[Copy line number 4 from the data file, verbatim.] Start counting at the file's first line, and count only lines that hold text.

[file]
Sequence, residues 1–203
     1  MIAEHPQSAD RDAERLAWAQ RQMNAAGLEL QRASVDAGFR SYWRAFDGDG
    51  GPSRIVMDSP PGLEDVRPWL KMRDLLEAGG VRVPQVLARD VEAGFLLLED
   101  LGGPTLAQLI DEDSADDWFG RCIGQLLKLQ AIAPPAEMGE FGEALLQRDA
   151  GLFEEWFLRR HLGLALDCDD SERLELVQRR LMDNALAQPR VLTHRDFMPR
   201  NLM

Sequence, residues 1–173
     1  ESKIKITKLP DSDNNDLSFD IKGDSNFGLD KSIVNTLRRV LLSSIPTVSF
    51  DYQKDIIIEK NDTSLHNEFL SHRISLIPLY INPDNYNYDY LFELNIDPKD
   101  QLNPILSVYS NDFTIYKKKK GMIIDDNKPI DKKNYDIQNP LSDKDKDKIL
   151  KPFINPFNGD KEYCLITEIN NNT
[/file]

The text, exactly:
   101  LGGPTLAQLI DEDSADDWFG RCIGQLLKLQ AIAPPAEMGE FGEALLQRDA